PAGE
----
ABSTRACT After providing some general background on developments in Bangladesh’s economy, the article indicates the nature of international political pressures, as represented by the Washington consensus, put on Bangladesh to adopt market-oriented reforms. The sequencing and pattern of Bangladesh’s market reforms and their consequences for its external balance are then examined. Particular attention is given to the fact that its macroeconomic reforms preceded its microeconomic ones. The impacts of Bangladesh’s market reforms on the incidence of poverty can be seen as part of the general question of the effects of these reforms on social welfare. The Human Development Index (HDI) for Bangladesh is considered in this context. Poverty may be measured in different ways. Here, the Human Poverty Index (HPI) and the incidence of poverty (based on Bangladesh’s official poverty line) are considered as indicators of the extent of poverty in Bangladesh, and these measures are qualified. The relationships of HDI, of HPI and of the incidence of poverty in rural and urban areas to the progress of Bangladesh’s market reforms (as measured by the openness of its economy) is examined. No strong evidence is found to indicate that the market reforms have reduced the incidence of poverty in Bangladesh.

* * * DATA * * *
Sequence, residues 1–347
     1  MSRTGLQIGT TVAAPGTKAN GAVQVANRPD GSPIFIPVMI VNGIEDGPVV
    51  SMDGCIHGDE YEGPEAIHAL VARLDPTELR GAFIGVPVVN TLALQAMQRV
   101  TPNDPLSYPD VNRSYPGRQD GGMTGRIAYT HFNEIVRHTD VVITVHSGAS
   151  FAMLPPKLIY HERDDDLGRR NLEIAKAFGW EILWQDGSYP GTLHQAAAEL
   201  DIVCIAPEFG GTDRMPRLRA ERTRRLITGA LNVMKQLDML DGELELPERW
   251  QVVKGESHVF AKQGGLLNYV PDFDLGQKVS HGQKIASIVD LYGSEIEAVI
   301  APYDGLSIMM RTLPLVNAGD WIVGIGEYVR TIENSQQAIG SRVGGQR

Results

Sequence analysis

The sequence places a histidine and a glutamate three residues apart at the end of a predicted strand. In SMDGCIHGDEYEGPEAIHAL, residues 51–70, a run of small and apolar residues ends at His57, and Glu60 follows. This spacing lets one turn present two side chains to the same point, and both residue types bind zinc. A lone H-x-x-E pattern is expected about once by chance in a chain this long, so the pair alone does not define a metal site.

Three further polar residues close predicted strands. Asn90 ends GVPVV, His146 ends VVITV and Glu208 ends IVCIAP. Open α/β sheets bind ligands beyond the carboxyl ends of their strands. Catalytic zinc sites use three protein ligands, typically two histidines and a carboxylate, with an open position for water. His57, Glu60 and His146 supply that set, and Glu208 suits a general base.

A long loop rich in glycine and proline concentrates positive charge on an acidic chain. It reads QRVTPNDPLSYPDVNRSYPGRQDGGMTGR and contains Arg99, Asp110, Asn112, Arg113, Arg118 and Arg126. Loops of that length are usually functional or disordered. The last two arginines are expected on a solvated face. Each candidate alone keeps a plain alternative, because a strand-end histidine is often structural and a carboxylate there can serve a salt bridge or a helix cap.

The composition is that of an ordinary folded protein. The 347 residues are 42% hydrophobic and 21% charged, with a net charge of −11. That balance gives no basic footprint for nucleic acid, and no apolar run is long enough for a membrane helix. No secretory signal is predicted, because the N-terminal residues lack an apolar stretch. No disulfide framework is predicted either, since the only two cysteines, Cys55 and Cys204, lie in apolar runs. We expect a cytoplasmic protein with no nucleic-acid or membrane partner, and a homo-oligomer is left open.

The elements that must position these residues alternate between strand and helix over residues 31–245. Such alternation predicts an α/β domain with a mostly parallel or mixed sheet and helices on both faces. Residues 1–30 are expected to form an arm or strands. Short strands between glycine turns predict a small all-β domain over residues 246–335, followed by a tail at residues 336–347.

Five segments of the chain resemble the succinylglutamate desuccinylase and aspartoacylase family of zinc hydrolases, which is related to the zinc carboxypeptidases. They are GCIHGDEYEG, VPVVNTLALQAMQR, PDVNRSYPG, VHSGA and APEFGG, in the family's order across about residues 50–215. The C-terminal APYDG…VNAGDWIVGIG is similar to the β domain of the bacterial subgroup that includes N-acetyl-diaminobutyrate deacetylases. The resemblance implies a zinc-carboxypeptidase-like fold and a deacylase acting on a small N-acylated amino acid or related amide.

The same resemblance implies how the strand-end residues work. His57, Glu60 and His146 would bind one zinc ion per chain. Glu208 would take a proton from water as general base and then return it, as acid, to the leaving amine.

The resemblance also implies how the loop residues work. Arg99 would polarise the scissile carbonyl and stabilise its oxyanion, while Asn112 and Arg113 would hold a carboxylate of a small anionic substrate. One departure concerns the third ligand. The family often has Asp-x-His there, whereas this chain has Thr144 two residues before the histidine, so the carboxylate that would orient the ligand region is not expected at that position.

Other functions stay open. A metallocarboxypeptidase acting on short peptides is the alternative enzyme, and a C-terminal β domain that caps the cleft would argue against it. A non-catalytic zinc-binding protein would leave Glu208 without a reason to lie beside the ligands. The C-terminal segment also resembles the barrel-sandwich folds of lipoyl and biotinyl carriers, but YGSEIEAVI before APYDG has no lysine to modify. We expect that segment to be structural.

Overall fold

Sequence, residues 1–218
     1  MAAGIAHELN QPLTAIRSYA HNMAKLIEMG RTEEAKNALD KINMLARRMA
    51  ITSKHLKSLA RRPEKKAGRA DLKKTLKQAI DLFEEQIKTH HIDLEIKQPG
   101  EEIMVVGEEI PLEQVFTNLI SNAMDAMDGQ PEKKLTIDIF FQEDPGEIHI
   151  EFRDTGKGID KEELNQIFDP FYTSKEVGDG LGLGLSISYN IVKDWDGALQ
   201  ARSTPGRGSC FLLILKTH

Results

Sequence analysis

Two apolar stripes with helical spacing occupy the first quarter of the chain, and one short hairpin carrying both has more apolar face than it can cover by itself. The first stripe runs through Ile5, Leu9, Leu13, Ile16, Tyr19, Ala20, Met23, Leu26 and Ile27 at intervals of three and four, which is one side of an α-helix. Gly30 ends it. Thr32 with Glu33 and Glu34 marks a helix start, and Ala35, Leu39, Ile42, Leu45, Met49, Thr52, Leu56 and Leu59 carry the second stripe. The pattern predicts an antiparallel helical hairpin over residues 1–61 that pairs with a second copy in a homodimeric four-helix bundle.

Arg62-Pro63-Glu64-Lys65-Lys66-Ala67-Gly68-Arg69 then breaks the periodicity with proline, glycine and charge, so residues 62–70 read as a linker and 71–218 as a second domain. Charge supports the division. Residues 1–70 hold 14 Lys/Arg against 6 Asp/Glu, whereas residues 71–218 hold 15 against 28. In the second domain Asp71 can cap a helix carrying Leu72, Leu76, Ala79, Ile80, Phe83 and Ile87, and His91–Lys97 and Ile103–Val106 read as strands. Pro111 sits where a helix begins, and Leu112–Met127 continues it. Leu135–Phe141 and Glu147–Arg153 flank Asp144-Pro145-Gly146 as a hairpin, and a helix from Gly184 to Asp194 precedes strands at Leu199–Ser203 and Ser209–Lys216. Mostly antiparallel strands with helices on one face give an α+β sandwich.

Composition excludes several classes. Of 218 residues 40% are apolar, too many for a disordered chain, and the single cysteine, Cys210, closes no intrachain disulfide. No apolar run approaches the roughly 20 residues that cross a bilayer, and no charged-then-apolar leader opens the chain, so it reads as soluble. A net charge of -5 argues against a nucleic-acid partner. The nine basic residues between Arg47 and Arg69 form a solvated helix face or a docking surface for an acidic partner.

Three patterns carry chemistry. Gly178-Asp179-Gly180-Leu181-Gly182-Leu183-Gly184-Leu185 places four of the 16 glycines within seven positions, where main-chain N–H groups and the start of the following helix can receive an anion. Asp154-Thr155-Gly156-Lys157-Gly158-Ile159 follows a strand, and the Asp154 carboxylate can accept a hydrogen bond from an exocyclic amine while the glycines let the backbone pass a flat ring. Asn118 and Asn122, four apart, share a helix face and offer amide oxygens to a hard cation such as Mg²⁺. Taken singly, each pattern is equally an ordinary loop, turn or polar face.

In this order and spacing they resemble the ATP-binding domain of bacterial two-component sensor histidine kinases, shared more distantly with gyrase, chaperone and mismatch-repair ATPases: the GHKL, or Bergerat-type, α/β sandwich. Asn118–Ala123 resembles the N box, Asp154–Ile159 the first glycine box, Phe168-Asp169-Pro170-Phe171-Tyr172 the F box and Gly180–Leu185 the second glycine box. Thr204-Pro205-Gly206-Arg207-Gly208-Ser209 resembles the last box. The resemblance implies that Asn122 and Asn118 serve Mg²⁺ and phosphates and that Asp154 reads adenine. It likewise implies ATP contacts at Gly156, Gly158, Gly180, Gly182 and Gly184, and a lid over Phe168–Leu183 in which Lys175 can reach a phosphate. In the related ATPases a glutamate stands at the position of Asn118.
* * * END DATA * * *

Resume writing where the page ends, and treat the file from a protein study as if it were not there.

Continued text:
Market-oriented Reforms in Bangladesh And their Impact on Poverty